A spate of positive earnings reports has raised hopes that the North American economy is finally pulling itself out of a prolonged period of sluggish growth, setting the stage for solid expansion in the balance of this year.
While the first-quarter earnings season is just getting into full swing, profit and sales growth is on display in almost all sectors in the United States. That's likely an indication of an economy finally getting back on its feet, analysts say.
"The underlying fundamentals remain quite favourable and to some extent that's what we have seen being reflected in the earnings reports," said Millan Mulraine, deputy head of U.S. research and strategy at TD Securities in New York.
Mr. Mulraine expects the momentum to last beyond 2014. "This good earnings performance could continue at least for the next year or so," he said.
So far, more than 40 per cent of the companies on the S&P 500 have reported results, and earnings growth is up 7.7 per cent year over year. The numbers have also beaten expectations – they are more than 6 per cent better than analysts estimated on aggregate, according to data collected by Bloomberg.
Sales growth has been more temperate, but it is also up by an average of 3.7 per cent over last year in the earnings season so far. But as economic conditions improve in North America and beyond, sales are poised to pick up in some industries.
At Caterpillar Inc., a 5-per-cent increase in first-quarter profit was attributed to improved sales in the global construction industry, which were stronger than either the company or analysts expected. The company raised its earnings outlook for 2014 from $5.85 (U.S.) per share to $6.10.
Global sales growth also bolstered technology giant Apple Inc., which reported better than expected earnings as iPhone sales hit new records in many of its emerging market regions.
In Canada the earning season is only just getting under way – only 15 of 242 companies on the S&P TSX index have reported – but the picture has also been generally positive so far. Results from Potash Corp. of Saskatchewan Inc. indicate stronger earnings growth may yet be ahead. Potash's net profit fell 39 per cent in the company's first quarter from the same period last year, but chief executive Bill Doyle said fertilizer demand is bouncing back, and stronger product prices are bolstering his outlook for the rest of the year.
"After an especially challenging environment in the second half of 2013, greater demand and stability emerged early in the year," Mr. Doyle said in a statement, adding that he sees "steady improvements" in the industry.
Stronger demand is the crucial factor that will make it crystal clear that the North American economy is rebounding, said Quincy Krosby, a market strategist with Prudential Financial Inc. And the biggest clue that demand is picking up comes in corporate revenue figures, she said, rather than profits which can be beefed up by cutting costs.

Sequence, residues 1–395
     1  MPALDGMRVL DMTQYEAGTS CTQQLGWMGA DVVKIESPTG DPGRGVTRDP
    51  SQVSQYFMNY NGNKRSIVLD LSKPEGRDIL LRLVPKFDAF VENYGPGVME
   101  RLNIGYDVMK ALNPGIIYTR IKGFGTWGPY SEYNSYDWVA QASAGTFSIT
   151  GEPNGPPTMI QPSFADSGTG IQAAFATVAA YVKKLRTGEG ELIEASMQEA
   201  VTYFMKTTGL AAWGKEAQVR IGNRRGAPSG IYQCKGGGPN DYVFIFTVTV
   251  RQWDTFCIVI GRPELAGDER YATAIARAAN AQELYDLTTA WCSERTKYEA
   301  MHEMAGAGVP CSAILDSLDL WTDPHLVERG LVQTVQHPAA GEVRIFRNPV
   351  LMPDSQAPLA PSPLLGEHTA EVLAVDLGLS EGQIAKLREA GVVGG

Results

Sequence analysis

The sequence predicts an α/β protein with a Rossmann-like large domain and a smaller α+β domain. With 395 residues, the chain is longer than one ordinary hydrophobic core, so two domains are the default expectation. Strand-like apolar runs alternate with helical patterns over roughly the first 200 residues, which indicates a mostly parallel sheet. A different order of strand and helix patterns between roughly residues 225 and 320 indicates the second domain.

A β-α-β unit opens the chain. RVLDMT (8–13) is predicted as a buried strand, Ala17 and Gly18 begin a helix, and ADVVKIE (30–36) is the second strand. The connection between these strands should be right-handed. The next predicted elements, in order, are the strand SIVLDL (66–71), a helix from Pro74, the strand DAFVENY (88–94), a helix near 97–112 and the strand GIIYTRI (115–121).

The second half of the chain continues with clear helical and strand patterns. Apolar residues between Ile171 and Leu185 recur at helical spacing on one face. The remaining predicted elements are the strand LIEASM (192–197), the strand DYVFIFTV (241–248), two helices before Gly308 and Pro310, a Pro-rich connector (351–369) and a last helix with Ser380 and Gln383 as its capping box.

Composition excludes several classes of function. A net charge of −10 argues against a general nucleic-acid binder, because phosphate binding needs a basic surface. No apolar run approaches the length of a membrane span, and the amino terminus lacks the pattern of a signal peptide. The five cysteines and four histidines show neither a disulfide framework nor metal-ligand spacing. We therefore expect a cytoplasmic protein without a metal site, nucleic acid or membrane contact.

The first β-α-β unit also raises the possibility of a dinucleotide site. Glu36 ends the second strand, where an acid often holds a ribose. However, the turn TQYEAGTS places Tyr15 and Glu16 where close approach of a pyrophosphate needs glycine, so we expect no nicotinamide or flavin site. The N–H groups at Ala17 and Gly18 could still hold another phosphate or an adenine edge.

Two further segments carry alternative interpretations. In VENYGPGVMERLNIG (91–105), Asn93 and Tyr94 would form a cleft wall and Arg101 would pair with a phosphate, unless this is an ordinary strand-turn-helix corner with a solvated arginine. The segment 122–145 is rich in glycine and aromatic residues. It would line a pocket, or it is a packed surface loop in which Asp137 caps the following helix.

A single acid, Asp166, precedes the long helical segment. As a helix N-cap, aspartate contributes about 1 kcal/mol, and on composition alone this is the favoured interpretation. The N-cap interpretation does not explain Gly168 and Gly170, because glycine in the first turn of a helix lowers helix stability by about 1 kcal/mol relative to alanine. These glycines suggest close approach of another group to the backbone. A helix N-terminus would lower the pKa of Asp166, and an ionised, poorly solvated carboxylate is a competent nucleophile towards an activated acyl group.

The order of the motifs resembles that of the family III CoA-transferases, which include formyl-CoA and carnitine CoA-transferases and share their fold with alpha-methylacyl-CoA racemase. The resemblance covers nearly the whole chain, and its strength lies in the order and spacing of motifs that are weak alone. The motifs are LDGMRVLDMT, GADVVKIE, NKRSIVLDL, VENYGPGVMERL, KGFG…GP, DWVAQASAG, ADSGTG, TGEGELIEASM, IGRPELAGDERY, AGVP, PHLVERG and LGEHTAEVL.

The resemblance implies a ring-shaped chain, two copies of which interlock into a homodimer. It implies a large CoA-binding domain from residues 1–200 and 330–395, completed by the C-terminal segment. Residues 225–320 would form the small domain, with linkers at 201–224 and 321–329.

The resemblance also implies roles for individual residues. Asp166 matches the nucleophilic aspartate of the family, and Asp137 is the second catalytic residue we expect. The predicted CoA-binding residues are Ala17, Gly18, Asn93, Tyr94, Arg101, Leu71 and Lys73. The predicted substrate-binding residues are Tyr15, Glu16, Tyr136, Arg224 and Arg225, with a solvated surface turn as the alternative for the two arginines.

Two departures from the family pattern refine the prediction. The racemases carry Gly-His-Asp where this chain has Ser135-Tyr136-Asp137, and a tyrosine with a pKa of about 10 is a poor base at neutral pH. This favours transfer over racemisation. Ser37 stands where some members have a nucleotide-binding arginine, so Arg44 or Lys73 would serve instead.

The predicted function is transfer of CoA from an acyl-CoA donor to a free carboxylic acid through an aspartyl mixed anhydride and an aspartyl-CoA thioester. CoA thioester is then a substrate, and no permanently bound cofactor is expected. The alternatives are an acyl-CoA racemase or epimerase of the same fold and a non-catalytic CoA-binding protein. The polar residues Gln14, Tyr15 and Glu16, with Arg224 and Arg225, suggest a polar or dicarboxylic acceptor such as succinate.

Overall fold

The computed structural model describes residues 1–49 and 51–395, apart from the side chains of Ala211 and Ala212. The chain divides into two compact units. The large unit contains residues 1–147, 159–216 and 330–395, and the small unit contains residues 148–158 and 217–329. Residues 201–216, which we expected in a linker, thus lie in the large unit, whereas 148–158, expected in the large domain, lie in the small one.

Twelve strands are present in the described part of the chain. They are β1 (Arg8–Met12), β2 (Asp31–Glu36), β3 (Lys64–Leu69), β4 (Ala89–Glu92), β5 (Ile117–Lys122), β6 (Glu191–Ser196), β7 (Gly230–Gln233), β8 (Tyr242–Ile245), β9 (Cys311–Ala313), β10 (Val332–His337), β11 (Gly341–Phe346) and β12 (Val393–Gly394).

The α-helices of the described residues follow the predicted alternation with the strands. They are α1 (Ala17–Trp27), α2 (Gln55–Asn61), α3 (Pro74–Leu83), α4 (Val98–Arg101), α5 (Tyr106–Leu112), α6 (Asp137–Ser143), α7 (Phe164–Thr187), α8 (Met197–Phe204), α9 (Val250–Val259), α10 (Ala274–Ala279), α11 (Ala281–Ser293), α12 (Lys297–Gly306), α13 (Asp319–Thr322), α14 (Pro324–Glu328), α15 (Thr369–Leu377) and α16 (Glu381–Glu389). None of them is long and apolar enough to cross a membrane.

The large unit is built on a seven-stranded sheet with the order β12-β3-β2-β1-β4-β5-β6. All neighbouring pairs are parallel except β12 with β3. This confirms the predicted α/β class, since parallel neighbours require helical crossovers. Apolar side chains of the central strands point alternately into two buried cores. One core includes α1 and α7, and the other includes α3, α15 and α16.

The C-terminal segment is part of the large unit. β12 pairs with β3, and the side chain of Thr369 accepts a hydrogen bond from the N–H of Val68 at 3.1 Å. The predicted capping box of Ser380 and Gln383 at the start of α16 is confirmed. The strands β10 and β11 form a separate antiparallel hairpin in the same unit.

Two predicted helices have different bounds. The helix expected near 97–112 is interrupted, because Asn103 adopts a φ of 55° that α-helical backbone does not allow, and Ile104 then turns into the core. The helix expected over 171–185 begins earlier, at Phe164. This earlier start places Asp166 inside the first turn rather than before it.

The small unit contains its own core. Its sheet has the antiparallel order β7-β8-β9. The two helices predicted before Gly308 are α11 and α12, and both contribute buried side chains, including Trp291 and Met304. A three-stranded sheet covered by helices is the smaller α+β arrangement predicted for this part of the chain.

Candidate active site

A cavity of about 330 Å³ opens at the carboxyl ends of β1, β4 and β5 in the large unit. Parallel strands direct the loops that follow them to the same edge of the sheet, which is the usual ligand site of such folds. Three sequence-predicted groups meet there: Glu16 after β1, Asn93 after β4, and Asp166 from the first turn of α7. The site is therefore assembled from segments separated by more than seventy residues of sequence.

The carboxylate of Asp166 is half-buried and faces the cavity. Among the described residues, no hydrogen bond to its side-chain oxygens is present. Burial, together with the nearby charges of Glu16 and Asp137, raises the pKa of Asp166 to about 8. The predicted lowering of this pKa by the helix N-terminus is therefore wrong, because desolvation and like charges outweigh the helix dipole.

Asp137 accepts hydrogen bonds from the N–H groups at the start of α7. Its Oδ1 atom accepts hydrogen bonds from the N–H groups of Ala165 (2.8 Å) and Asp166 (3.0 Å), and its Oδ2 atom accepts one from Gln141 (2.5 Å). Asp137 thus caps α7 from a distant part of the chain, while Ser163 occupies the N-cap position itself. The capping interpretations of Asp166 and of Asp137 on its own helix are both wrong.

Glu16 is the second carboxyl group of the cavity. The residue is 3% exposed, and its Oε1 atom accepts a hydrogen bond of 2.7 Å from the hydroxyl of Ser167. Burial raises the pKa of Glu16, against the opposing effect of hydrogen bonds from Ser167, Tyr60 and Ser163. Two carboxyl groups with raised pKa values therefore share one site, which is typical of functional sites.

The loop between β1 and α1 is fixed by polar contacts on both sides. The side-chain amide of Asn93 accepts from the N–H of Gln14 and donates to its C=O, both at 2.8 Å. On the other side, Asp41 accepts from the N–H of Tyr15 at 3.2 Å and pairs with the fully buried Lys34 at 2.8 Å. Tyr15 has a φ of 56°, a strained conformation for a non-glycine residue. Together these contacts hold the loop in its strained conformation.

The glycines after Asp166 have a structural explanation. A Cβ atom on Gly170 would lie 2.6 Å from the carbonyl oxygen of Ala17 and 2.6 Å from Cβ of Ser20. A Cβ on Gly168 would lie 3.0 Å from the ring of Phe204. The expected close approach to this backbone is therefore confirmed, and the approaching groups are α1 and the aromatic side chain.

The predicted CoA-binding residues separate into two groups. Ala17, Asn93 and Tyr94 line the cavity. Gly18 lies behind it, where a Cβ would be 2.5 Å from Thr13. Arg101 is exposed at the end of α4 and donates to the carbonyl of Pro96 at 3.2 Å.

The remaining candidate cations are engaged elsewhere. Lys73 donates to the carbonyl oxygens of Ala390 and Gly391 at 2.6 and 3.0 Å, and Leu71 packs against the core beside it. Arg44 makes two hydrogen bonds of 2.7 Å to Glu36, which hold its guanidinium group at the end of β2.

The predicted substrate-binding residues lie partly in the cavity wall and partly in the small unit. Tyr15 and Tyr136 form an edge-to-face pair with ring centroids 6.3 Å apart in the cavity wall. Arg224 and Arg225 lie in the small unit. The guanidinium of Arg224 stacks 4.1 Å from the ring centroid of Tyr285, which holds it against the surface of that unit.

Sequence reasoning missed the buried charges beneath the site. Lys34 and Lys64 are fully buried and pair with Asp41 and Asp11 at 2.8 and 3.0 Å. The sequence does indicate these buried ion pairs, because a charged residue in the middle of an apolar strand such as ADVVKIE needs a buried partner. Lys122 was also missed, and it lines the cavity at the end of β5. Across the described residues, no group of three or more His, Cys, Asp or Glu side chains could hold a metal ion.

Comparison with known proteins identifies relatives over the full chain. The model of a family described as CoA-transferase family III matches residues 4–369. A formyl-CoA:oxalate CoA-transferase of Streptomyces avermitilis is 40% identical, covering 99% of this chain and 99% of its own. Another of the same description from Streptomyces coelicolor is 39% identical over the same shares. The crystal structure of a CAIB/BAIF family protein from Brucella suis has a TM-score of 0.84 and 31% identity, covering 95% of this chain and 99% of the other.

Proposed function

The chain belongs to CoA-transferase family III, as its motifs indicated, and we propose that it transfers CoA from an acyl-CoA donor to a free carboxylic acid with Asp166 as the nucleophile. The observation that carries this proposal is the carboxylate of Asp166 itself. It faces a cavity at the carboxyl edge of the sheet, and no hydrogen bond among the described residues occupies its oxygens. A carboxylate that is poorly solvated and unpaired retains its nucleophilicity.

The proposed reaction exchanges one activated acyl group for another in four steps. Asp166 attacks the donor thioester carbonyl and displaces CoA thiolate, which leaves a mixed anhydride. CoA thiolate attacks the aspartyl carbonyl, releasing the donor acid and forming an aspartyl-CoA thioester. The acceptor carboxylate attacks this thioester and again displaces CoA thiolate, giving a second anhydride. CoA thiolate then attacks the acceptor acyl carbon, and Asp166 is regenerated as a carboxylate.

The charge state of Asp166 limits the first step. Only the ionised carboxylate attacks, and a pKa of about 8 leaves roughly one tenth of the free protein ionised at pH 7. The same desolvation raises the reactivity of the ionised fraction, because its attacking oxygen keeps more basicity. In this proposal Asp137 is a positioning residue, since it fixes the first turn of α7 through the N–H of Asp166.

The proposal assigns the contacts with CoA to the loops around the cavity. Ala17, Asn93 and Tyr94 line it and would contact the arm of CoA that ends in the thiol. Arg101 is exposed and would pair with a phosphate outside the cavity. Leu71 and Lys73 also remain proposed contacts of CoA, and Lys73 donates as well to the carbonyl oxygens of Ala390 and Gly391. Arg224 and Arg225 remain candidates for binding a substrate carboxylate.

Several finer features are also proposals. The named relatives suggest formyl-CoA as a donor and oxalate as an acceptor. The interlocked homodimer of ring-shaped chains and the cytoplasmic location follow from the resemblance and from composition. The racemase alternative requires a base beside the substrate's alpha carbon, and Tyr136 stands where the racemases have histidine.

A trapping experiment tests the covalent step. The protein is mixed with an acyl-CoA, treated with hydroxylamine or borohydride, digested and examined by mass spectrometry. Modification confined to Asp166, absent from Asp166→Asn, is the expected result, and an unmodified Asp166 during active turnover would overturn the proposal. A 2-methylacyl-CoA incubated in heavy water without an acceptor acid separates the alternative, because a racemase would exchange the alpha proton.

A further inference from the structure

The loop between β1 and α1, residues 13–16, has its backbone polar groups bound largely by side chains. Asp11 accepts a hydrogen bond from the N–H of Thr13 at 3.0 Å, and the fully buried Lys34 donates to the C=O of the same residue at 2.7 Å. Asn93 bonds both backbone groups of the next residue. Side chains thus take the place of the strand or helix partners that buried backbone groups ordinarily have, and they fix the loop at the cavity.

While results have been mixed so far, "the guidance that we are hearing from some of the bellwether companies is that they are beginning to see demand picking up," Ms. Krosby said. "That is what the market wants to hear."
She also noted that economic data are pointing toward a fundamental improvement in the economy. On Thursday, the figures for U.S. durable goods orders – an indication of long-term confidence in the economy by both consumers and businesses – rose 2.6 per cent in March, a better number than expected. And capacity utilization, another measure of the demand in the economy, has finally climbed significantly after years of poor performance, Ms. Krosby said.
Companies with exposure to the broad North American market say they feel a sense of optimism. "There is a lot of positive sentiment out in the marketplace, said Dean Davenport, president of the transport group at Standen's Ltd., a Calgary-based manufacturer and exporter of suspension equipment for automotive and farm markets. He sees the spate of mergers and acquisitions happening across the continent as a sign that "business has got money and is ready to invest."
While the North American economy may be picking up, globally the picture isn't quite so bright, TD's Mr. Mulraine said. Europe is improving, but still weak, he said, while "China is a bit wobbly."
Over all, "the U.S., and by extension Canada, will be the key driver for the resurgence in global growth," he said. "If you look at the horizon for the U.S. economy [in particular], the sky seems fairly clear."